Gait is best examined by having the child walk and run while distracted. Each limb segment should be observed systematically through several gait cycles. The stance and swing phases should be compared in both lower extremities. Upper body posturing and frontal-plane abnormalities, such as scoliosis or varus or valgus deformities of the lower extremities, should be noted. Differentiating between antalgic and nonantalgic gait and identifying the specific type of nonantalgic gait to help narrow the differential diagnosis (Figures 111 and 211 ).
During the examination, the entire lower limbs, including hips and back, should be visible. Inspection should begin by noting the resting limb position, comparing both sides for symmetry, and evaluating for areas of erythema, swelling, and deformity. The extremities should then be palpated to localize the point of maximal tenderness and to detect any masses. Range of motion should be assessed in each joint, especially the hip (Figures 311 and 413 ). Joints adjacent to the painful joint should be examined to rule out referred pain; hip conditions can present as knee or lateral thigh pain. Measuring leg length from the hip to knee joint and knee joint to ankle may help rule out abnormal gait caused by a discrepancy in right vs. left leg length.
General ill appearance or significant pain suggests a more serious cause of limp. Infectious or inflammatory etiologies are often associated with fever. Spinal, pelvic, neurologic, abdominal, and genitourinary conditions may also present with a limp.
The following tests may be performed to further evaluate a limping child.
Trendelenburg Test. The child stands on the affected limb while lifting the unaffected limb off the floor. The test is positive if the pelvis fails to stay level and drops downward toward the normal side, indicating a condition that causes weakness in the hip abductors.
Evaluation of Flexion/Internal Rotation. Flexing and internally rotating the hip decreases the intracapsular space. This may elicit pain in children with hip effusions. Although not diagnostic in terms of etiology, this test is highly sensitive in detecting intra-articular hip pathology and is helpful in detecting other intra-articular hip conditions such as Legg-Calvé-Perthes disease and SCFE. A child holding his or her hip in a characteristic flexed and externally rotated position to decrease the intracapsular pressure is highly suggestive of septic arthritis (Figure 6).
Patrick (FABER) Test (eFigure A). With the child supine, the examiner flexes, abducts, and externally rotates the hip joint. Pain with this maneuver indicates sacroiliac joint pathology.
Pelvic Compression Test. With the child supine, the examiner compresses the iliac wings toward each other. Pain with the maneuver indicates sacroiliac joint pathology.
Psoas Sign. With the child lying on his or her side, the examiner passively extends the hip. Pain with hip extension suggests a possible psoas abscess or appendicitis.
A complete blood count with differential, erythrocyte sedimentation rate (ESR), and C-reactive protein (CRP) measurement should be obtained when infection, inflammatory arthritis, or neoplasm is suspected. If septic arthritis is suspected, joint fluid aspiration should be performed urgently for Gram staining, culture, and cell count. Laboratory tests for the evaluation of a limping child are summarized in eTable A.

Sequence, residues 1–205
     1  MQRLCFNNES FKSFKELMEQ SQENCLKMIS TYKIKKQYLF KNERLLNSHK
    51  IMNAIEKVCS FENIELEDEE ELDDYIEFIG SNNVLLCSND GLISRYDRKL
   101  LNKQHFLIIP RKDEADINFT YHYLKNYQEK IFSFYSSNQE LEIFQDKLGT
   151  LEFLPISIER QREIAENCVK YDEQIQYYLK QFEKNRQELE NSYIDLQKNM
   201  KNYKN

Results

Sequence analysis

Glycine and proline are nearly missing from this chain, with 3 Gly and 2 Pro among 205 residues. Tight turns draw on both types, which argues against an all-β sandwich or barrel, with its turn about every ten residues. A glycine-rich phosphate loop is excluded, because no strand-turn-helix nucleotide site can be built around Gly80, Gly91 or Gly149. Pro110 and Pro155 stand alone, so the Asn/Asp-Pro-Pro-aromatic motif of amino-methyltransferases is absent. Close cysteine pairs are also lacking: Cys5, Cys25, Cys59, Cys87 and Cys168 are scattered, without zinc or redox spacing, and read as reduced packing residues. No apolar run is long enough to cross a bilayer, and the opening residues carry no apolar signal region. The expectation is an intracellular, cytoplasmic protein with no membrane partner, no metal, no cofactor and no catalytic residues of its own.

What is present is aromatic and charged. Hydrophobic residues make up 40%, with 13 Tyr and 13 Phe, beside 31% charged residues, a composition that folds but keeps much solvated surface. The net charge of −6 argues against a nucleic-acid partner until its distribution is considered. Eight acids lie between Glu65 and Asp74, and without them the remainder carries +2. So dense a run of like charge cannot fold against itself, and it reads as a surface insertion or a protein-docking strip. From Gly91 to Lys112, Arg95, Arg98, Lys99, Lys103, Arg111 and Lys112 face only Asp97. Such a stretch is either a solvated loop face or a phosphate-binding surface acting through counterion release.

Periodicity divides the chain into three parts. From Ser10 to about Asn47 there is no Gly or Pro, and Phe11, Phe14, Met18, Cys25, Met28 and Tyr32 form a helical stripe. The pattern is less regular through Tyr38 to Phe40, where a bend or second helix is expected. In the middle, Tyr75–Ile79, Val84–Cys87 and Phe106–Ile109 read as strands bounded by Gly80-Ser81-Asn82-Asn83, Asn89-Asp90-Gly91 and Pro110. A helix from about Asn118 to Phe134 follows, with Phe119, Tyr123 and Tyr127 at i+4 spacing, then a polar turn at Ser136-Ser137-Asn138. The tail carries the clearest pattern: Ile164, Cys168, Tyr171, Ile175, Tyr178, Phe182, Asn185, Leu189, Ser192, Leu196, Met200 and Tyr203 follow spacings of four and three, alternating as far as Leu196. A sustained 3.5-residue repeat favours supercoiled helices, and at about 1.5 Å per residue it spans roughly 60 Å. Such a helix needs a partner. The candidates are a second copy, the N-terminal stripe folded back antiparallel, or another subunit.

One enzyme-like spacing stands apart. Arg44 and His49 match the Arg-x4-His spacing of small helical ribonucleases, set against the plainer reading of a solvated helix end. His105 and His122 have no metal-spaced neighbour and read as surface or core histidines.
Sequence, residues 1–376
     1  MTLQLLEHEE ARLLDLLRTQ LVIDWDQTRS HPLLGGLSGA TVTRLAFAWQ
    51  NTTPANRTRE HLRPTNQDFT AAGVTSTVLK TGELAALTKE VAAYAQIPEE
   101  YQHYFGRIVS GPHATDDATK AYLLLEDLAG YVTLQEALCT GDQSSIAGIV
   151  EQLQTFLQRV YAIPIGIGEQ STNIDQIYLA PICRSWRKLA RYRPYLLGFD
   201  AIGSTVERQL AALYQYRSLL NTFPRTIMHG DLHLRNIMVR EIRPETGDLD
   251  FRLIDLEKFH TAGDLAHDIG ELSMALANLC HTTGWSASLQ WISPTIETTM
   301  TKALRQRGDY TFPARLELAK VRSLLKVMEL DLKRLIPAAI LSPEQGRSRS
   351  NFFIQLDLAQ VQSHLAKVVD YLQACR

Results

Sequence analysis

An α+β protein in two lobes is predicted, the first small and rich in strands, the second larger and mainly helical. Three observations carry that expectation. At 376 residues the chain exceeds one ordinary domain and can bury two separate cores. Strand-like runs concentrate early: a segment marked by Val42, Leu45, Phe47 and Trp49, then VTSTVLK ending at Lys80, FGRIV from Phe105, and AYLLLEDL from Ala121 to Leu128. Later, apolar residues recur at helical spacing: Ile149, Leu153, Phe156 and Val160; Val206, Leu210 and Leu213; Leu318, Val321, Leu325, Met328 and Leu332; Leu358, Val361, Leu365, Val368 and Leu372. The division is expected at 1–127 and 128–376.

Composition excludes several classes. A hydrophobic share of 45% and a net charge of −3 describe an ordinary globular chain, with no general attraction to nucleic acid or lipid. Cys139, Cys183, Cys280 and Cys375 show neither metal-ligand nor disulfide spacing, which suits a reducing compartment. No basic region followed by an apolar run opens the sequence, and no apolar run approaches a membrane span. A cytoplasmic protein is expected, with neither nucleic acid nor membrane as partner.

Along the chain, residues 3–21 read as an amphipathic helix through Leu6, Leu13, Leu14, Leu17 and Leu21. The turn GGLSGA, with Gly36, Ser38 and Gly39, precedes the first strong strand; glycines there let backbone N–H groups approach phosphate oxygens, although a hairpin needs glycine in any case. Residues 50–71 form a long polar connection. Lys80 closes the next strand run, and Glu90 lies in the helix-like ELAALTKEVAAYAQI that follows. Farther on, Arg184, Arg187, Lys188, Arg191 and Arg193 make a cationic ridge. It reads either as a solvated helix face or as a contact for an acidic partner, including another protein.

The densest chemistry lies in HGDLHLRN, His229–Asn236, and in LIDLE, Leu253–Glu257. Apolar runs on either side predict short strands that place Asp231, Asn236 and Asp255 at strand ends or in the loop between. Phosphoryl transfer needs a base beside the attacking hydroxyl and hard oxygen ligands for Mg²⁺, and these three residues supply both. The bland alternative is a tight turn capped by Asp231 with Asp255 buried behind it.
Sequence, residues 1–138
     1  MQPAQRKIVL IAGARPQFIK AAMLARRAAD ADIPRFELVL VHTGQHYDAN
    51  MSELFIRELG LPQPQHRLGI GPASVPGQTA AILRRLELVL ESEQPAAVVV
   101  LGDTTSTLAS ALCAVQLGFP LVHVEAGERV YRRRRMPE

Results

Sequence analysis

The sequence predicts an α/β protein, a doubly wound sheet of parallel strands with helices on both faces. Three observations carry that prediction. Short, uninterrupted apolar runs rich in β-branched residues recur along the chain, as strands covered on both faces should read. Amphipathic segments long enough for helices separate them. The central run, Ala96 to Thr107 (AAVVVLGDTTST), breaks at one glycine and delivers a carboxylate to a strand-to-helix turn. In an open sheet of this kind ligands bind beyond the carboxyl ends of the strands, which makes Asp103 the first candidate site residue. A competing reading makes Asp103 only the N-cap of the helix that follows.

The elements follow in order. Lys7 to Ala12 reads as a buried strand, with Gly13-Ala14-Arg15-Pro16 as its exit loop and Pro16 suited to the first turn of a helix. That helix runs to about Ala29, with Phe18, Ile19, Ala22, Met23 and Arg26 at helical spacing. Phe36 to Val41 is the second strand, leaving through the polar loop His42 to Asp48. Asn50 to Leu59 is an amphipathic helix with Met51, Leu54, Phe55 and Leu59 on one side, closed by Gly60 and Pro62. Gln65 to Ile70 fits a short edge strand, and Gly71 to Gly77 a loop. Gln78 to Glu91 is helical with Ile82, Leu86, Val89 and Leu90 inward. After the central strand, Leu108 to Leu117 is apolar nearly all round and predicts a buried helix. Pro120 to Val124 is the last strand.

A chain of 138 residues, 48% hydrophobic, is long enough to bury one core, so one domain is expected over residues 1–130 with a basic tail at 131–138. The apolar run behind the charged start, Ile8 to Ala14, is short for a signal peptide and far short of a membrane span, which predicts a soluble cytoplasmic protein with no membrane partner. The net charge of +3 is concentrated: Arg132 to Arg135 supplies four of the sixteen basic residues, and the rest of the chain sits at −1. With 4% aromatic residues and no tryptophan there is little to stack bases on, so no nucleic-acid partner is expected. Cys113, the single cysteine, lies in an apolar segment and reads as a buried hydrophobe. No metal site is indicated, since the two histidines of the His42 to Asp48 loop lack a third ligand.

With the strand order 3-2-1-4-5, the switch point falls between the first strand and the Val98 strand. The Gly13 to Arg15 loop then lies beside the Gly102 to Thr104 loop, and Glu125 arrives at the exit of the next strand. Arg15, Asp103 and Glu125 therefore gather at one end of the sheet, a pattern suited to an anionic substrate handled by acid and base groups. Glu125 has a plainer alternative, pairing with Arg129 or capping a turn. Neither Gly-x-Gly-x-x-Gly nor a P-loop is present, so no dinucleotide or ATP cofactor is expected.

|Test||Possible diagnosis||Expected finding||Comments|
|Antistreptolysin O titer||Acute rheumatic fever||Positive|
|Coagulation profile||Indicated in patients with hemophilia or hemorrhagic effusion||Increased activated partial thromboplastin time|
|Complete blood count||Infection, inflammation, malignancy|
|CRP||Infection, inflammation, malignancy||Increased|
|ESR||Infection, inflammation, malignancy||Increased|
|Lyme titer||Lyme disease||Increased|
|Synovial fluid analysis||Septic arthritis, transient synovitis|
|Synovial fluid culture||Septic arthritis, transient synovitis|
|Throat culture||Acute rheumatic fever|
|Urethral and stool cultures||Reactive arthritis|
|Urethral, cervical, pharyngeal, and rectal cultures||Gonococcal arthritis||Neisseria gonorrhoeae|
In the absence of localized pathology, plain radiography of both lower extremities should be performed.14 If the clinical evaluation suggests localized pathology, anteroposterior and lateral radiography of the affected areas should be performed. Frog-leg lateral radiographs should be used when evaluating the hip, especially when SCFE is a concern (Figure 711 ). Obtaining radiographs of both hips can be helpful to evaluate side-to-side symmetry and ensure that a mild contralateral SCFE, which can be asymptomatic, is not missed. Initial radiograph findings in children with stress fractures, toddler's fracture (fracture of the distal tibia common in toddlers), Legg-Calvé-Perthes disease, osteomyelitis, and septic arthritis may be normal in the early stages.
Ultrasonography is recommended over plain radiography for detecting hip effusions in children because of its high sensitivity, but it cannot differentiate between sterile, purulent, and hemorrhagic fluid accumulations.14 If an effusion is seen in the hip joint and the clinical suspicion for septic arthritis is high, urgent ultrasound-guided aspiration should be performed and the joint fluid should be sent for Gram stain, cell count, and culture.15 Ultrasonography should not delay aspiration.6